Five global banks have consented to pay $5.6B in penalties to resolve claims related to a U.S. probe into whether traders at these institutions manipulated foreign-currency rates for their benefit. J.P. Morgan Chase & Co. (JPM), Royal Bank of Scotland (RBS), UBS AG (UBS), Citigroup Inc. (C), and Barclays PLC (BARC) will also plead guilty to criminal charges that they conspired to rig prices of U.S. dollars and euros.
According to officials involved with the Department of Justice investigation, which went on for 19 months, traders withheld offers or bids to avoid getting the rates going in directions that would hurt the open positions of other traders, with whom they were colluding. These traders, who were from the different banks, formed what they dubbed as “The Cartel.” They would meet in online chatrooms and communicate via coded language to coordinate efforts to manipulate rates. Hand signals also were reportedly used during calls with clients. Aside from the $5.6B in peanltlies, the firms are paying another $1.6 billion in fines to the U.S. Federal Reserve.
Citibank is paying the biggest criminal fine of $925M plus a $342M penalty to the Fed. The bank was allegedly involved in currency manipulation from the end of 2007 through the beginning of 2013. Meantime, J.P. Morgan will pay the DOJ $550M and the Fed $342M.
Barclays will pay $650M in criminal penalties. Add that figure to what it now also owes the Fed, the New York Department of Financial Services, the Commodity Futures Trading Commission, and the U.K. Financial Conduct Authority and its total balloons to $2.38B. The bank also will pay $60 million after admitting that its forex trading and sales practices violated an earlier agreement it reached over Libor rigging allegations in 2012. Royal Bank of Scotland’s criminal penalty is $395M.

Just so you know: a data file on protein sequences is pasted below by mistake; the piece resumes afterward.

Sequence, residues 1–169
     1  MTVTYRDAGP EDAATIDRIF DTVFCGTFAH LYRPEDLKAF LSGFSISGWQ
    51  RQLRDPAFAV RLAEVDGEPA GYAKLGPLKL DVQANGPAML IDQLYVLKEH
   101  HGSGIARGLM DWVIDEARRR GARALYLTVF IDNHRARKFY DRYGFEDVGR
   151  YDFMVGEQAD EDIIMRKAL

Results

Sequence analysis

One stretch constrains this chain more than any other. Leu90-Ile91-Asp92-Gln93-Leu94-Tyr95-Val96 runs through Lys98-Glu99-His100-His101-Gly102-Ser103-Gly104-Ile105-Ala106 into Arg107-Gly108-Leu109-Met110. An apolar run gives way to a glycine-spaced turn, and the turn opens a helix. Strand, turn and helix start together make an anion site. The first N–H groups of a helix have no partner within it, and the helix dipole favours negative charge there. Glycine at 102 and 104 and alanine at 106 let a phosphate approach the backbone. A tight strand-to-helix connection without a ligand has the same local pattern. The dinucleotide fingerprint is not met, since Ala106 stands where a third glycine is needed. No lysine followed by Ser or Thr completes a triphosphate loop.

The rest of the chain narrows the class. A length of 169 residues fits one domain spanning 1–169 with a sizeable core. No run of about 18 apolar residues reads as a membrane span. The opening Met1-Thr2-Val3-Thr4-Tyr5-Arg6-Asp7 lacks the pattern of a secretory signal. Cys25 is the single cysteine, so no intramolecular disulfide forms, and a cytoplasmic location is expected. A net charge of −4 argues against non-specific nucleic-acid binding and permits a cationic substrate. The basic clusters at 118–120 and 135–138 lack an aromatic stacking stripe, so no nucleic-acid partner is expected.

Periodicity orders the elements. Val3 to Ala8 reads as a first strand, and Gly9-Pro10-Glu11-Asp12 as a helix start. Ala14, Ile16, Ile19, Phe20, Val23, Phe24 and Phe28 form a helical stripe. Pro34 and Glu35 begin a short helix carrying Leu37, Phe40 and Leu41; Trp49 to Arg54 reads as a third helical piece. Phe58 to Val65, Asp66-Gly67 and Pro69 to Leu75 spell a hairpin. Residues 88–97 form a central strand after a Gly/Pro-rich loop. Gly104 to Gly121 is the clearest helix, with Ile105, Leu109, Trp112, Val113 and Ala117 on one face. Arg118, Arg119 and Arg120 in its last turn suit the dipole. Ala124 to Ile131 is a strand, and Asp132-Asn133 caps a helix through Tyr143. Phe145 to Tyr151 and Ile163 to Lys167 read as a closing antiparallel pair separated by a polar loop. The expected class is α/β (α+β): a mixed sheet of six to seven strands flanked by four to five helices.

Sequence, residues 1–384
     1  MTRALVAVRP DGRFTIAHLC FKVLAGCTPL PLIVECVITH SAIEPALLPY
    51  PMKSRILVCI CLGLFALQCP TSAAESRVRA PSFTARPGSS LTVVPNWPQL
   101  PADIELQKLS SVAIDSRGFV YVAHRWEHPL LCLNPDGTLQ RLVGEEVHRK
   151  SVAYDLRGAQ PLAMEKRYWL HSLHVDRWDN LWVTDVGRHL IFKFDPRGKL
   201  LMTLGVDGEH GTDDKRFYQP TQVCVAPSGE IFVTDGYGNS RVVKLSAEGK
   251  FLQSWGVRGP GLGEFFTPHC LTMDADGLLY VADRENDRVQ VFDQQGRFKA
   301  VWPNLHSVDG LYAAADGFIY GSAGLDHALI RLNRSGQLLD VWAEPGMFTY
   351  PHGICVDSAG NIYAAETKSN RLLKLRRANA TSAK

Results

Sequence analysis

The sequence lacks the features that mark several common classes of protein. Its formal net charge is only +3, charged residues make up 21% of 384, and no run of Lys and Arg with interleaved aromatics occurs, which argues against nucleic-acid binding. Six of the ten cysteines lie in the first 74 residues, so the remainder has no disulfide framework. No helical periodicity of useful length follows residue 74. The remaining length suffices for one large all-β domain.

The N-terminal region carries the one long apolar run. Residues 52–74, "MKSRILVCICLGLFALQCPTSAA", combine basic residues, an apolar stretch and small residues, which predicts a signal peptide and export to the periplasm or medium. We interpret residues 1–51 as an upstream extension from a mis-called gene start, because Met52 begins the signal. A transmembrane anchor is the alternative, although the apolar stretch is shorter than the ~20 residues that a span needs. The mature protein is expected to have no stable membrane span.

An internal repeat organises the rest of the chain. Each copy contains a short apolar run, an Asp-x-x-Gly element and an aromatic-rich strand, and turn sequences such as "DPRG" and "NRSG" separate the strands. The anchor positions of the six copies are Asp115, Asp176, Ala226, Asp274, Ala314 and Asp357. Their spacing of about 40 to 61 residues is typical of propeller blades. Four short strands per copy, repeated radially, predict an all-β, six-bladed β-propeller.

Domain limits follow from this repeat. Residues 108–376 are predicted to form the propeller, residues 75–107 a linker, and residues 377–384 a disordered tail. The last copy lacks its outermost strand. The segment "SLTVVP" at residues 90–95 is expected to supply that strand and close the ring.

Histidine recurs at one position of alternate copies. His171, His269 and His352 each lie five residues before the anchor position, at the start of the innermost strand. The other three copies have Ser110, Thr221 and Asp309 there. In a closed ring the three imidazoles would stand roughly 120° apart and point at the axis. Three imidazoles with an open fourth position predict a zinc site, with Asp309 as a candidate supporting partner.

UBS will pay $545M and it has also pleaded guilty to manipulating Libor and violating an earlier agreement. However, the Swiss banking giant was granted immunity in the antitrust case for its cooperation.
No criminal charges were filed against any individuals involved, although New York’s financial regulator did order Barclays to fire several employees. It is interesting to note that even with the huge fines, there are those at the banks that continue to distance themselves from blame. According to J.P. Morgan CEO James Dimon, what the penalties show is how the behavior of just a small group of individuals “can reflect badly on all of us.”
All five banks will be on probation for three years. Under their plea deals, they will have to put into place compliance programs to identify and stop future attempts by employees to manipulate rates. They also must submit yearly progress reports to the government and improve controls and compliance.
These plea deals are expected to lead to more litigation against the banks—especially from institutional investors, such as pension funds and investment managers. They were among those that sustained losses on forex trades because of the market rigging. The banks sold them complex foreign derivatives to regulate foreign currency exposure. Even small shifts in forex rates could have led to huge liabilities.
The SSEK Partners Group is a securities law firm that represents institutions in recouping their forex currency-related losses stemming from fraud. Contact us today.
Banks to Pay $5.6 Billion in Probes, The Wall Street Journal, May 20, 2015
Five Major Banks Agree to Parent-Level Guilty Pleas, US Department of Justice, May 20, 2015